This is a spin on Pong, but with more stuff in the way.
Cyber Klash: Basically Pong with more shit in the way, and the ability to shoot at the enemy player. Most people don't enjoy playing Pong anymore.
Heavy Weapon: A licensed Popcap game from 2005, Heavy Weapon is a side-scrolling shooter with a tank. That shoots upward.
It was fun enough back in the day, when the frame rate wasn't rubbish and you could smoothly control the aiming and movement of your tank. The Emirates in-flight port doesn't have that option, and it's decidedly less entertaining as a result. Again, fun for maybe a level or two, but when you're fighting against the game's performance as much as the enemies within it, you're in for a short ride.
Tennis Showdown: More fun tennis than actual tennis, Tennis Showdown pits a variety of cartoon-ish characters against each other in a friendly game of tennis.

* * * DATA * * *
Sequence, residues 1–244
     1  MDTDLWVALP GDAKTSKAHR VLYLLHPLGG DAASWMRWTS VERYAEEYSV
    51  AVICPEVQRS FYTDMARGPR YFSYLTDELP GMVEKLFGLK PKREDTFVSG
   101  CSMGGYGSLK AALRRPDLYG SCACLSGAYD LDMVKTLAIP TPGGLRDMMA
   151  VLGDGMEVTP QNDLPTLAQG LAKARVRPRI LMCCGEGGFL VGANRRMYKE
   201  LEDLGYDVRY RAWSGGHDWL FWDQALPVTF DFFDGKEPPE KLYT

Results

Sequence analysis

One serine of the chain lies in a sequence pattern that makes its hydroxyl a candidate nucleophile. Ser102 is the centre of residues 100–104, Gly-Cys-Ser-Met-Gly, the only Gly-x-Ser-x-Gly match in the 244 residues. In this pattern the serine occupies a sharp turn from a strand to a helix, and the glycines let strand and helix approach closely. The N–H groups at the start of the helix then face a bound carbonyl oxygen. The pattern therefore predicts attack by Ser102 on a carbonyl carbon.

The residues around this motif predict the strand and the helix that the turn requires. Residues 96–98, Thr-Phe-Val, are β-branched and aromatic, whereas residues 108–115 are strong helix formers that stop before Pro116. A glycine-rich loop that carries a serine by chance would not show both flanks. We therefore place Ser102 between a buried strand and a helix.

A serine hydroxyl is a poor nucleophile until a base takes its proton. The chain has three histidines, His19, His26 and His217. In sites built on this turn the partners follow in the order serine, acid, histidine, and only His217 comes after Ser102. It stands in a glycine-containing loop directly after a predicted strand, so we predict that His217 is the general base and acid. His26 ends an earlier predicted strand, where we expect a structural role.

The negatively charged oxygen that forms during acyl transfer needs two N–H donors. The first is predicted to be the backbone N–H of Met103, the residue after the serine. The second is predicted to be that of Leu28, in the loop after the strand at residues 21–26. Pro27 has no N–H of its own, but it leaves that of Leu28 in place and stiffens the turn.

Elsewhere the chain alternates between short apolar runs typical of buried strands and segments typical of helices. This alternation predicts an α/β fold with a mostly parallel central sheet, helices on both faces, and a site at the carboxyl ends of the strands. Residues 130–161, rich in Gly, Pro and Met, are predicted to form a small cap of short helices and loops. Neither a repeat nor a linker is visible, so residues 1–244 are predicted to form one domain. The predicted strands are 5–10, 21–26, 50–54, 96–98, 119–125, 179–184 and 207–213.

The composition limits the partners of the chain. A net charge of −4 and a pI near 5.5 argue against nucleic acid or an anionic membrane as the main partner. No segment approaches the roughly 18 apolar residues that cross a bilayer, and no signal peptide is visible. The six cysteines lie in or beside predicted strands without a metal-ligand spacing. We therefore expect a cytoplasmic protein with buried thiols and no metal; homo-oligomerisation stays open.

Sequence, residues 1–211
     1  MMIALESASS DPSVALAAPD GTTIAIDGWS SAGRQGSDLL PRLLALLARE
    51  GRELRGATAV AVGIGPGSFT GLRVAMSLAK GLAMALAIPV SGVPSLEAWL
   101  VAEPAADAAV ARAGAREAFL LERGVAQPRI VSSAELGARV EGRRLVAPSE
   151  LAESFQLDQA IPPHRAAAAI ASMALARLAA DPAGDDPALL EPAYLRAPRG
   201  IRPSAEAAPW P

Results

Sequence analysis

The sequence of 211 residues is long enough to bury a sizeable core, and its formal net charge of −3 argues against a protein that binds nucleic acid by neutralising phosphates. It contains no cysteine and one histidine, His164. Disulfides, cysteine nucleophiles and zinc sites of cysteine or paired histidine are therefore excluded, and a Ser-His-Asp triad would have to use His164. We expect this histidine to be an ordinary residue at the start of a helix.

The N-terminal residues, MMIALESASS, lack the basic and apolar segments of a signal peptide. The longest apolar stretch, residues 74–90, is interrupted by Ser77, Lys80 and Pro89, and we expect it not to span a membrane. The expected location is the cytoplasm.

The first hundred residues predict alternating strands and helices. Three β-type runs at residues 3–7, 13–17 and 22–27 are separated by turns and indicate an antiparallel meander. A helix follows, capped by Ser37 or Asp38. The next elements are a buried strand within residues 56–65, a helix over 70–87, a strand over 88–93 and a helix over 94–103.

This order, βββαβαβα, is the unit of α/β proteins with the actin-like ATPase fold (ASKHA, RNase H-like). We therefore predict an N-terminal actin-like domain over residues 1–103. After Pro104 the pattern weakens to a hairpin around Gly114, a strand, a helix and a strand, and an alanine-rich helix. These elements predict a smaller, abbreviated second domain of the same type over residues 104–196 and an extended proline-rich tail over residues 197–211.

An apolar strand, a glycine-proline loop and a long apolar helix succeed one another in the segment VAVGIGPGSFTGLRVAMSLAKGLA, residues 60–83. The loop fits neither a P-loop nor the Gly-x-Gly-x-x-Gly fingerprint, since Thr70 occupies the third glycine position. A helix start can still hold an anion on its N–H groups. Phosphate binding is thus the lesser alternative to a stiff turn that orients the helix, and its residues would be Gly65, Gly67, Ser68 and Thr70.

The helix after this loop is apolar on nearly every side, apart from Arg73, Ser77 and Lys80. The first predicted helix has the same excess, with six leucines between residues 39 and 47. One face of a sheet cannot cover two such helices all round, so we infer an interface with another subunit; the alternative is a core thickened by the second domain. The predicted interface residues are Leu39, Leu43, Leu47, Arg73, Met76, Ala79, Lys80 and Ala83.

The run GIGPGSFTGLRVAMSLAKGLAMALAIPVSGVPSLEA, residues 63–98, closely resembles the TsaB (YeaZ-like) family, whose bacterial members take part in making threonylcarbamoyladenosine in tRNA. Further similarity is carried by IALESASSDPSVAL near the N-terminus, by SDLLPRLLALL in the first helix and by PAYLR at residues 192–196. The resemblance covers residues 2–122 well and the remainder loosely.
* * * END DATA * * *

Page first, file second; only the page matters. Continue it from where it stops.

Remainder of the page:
And then I saw the main playmode, which turned out to be a Mortal Kombat style tournament ladder. Oops.
Like Tennis Challenge, the winner is the first to two games. The controls weren't awful, but they were still a little unresponsive (which I think is mostly the device and the processing power available, rather than the game itself).
More Mario Tennis meets Animal Crossing, really.
The worst part is the camera: when you run to the net, it zooms in, eliminating vision of your opponent. Why? Why not just have a fixed viewpoint?
The other kicker was an atrocious frame rate, which is always what you want when you're trying to stop a serve from barrelling down the middle. Game, set, no thanks.
Pizza Frenzy: Another 2005 Popcap gem, Pizza Frenzy is basically like a half-baked Cook, Serve, Delicious. Pizza orders appear on a map, and you drag those orders onto your pizza shop as fast as possible.
Over time the game gets faster and faster, unlike my spirit, which slowly died with every virtual calorie I delivered. Alternatively, it could have been the drinks that I started ordering at this point, knowing there was so many other games to get through.